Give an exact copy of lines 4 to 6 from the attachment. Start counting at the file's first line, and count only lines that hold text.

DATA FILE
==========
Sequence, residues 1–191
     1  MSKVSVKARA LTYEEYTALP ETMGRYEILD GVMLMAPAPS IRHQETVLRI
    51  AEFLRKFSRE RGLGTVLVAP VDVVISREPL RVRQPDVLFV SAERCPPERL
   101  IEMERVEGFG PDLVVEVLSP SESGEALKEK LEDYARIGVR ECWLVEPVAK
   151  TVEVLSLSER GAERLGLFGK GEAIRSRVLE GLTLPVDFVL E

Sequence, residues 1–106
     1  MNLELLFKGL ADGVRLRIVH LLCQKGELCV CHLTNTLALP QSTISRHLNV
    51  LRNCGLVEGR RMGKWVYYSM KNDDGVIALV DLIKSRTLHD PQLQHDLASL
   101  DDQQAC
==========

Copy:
   101  IEMERVEGFG PDLVVEVLSP SESGEALKEK LEDYARIGVR ECWLVEPVAK
   151  TVEVLSLSER GAERLGLFGK GEAIRSRVLE GLTLPVDFVL E

Sequence, residues 1–106